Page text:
Shooting Tips from Wildrose Carolinas

By Shawn Yates, Trainer Wildrose Carolinas

shawn1

Shawn Yates

Shooting season is around the corner. Whether you are after clay targets, waterfowl, or upland game, one thing they all have in common is a firearm. Shawn Yates, head trainer at Wildrose Carolinas, grew up hunting with his family in Southern Virginia and later went on to become a member of the Virginia Tech Clay Target team. Following college, he was a hunt guide on 6500 acres of private quail plantation in Central Florida. He is a class B shooter with the NSCA and enjoys teaching others how to become better shots.

You hear it all the time when you miss that bird or clay target.  “Keep your head down next time.”  Though it may not make much sense, this is very sound advice.  All too often,

shooting chris

Photo by Katie Behnke

shooters who are new to the sport pick their head up off of the gun which can be attributed to one of two different reactions.  The first is the anticipation to see if they broke the target.  The second and much more difficult to correct is the anticipation of the recoil.  Keeping your cheek firmly pressed to the stock of the gun ensures that you are pointing the shotgun where you are actually looking, which is very important if you want to hit anything at all.

Practice not shooting. Practice mounting your shotgun and pointing it at the same spot time and time again.  Building muscle memory and getting comfortable holding and mounting your shotgun will lead to more bagged birds and broken clays.  Another extension of this is to practice watching birds fly around.  This may seem strange, but this gets you accustomed to following an object along its flight path making it easier for you to match speed when you are shooting.

steven and tom

Photo by Katie Behnke

Another tip to help you when you are in doubt about how to hit a target is to “miss” in front of the “bird.”  Let’s break this down.  When a target is flying through the air, it is moving quickly.  If your aim point is directly at the target, you are most likely going to “miss behind”.  By the time your brain decides to pull the trigger and your finger moves and the shot from the shotgun shell gets to the target, it will have moved several feet.  The correction for this is to lead the target. This means that you have to aim where the target is heading not where it is or has been.  When in doubt, always add more lead and get out in front to help you get more birds in your bag or hits on your score card. The correct amount of lead comes with practice. Even if you aren’t shooting clays competitively, working through the setup at a local clay course can allow even an experienced hunter to become more proficient.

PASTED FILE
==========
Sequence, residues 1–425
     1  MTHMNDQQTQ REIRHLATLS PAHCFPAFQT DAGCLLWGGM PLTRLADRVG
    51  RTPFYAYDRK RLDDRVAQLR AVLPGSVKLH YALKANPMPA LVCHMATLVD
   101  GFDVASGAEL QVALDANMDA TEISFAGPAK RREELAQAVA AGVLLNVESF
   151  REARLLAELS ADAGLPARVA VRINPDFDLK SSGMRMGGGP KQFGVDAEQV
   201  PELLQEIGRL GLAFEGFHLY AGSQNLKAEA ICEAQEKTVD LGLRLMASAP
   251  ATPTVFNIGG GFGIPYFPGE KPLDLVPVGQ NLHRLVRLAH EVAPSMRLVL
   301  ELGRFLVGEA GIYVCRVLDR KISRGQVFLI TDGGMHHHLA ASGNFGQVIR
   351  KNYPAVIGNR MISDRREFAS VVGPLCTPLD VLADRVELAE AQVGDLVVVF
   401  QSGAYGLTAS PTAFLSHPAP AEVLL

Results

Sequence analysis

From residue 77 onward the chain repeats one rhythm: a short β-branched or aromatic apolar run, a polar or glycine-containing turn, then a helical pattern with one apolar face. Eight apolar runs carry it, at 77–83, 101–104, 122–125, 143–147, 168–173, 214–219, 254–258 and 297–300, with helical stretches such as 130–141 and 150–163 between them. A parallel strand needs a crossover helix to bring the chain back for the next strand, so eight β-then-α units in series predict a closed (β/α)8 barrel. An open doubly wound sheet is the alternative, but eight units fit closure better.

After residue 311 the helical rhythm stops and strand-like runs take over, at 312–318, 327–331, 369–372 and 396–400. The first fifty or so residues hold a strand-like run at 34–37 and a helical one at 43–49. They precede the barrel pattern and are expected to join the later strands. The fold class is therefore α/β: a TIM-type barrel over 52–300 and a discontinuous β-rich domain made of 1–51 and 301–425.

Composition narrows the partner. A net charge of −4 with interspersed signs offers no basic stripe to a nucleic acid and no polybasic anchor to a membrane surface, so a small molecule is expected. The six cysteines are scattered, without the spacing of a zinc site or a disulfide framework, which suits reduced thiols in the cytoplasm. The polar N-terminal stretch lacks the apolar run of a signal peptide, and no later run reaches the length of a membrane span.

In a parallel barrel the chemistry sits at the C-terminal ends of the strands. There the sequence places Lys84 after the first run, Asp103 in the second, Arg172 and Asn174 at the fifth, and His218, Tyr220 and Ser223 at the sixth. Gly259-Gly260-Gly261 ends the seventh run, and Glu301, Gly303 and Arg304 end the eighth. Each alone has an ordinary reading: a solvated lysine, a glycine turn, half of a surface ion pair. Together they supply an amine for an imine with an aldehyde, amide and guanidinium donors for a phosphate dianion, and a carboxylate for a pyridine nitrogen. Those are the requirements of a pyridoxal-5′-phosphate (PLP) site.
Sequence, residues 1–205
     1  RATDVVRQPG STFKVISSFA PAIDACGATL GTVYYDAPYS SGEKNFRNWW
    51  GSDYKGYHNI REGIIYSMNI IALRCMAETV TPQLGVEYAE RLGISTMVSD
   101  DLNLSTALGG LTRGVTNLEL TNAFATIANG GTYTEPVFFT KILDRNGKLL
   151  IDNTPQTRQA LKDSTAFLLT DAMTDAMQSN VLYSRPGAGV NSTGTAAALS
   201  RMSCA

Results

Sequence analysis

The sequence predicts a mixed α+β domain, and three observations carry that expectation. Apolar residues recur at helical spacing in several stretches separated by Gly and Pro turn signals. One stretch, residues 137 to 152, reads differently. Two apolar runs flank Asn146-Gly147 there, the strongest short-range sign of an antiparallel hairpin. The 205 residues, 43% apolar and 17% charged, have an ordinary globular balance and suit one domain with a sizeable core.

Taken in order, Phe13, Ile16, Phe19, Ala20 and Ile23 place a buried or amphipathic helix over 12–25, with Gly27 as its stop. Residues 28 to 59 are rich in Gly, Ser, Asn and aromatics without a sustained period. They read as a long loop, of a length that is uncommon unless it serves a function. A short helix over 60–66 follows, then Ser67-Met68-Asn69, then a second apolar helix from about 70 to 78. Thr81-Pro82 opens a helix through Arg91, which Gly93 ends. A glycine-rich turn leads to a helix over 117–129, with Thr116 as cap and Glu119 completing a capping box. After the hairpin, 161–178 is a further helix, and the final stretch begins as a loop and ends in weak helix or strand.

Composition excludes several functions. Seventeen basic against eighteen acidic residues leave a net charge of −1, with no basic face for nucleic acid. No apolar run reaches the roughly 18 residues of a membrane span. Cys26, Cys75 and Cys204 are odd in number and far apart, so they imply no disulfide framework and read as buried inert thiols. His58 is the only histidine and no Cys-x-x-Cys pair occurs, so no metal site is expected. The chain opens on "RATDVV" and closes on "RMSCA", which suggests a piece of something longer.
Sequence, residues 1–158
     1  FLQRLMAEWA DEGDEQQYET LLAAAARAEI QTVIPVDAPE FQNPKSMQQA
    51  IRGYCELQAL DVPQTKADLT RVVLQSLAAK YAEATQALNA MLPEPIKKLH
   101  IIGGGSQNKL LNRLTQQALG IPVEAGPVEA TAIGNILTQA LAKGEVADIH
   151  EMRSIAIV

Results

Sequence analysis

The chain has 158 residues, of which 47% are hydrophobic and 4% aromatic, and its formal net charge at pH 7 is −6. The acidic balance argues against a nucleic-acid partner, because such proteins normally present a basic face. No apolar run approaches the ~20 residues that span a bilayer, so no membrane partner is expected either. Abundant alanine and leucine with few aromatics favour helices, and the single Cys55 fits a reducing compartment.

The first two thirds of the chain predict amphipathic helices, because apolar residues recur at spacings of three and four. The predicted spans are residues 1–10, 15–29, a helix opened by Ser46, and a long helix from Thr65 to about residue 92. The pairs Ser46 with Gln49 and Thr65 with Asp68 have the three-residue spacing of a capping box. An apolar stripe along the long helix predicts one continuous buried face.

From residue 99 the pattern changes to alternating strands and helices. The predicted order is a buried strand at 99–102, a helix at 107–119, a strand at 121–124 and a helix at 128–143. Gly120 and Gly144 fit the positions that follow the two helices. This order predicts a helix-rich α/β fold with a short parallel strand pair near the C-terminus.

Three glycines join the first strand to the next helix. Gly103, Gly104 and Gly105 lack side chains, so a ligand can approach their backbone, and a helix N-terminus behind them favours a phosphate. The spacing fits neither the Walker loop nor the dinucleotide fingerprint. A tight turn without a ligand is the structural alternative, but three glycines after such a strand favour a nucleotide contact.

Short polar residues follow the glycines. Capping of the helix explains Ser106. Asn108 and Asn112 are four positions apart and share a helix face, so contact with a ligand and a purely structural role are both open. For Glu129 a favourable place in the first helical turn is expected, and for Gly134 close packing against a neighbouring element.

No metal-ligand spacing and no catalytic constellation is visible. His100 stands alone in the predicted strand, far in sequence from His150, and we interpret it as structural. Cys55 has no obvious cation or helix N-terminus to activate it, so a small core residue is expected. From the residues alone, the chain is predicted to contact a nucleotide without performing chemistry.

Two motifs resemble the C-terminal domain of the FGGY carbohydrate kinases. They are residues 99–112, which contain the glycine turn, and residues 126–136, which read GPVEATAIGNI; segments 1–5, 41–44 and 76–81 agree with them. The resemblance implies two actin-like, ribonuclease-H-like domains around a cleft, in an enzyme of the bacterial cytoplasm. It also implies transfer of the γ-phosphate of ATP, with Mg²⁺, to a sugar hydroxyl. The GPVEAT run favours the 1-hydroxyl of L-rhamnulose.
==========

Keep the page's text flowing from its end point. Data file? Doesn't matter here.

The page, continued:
shawn2

Shawn Yates

Lastly, the most important tip to becoming a better shooter has nothing to do with your gun or with your body, other than protecting yourself.  Safety should always be your first priority when you are around firearms, even if you are not the shooter. Shooters should always be aware of their surroundings. This includes having the barrel pointed in a safe direction, having the gun in the open/breach position, making sure the gun is unloaded, or (if the gun is loaded) that the gun has the safety on and is not pointed toward anyone. Everyone should have the basic safety equipment in their vest; eye protection and hearing protection.  There is a wide variety of both options available today from five-dollar safety glasses and foam ear buds to specialized sporting glasses and electronic hearing protection such as Grizzly Ears, a Wildrose partner! The most important thing is to have both and utilize them consistently.

 

 

 

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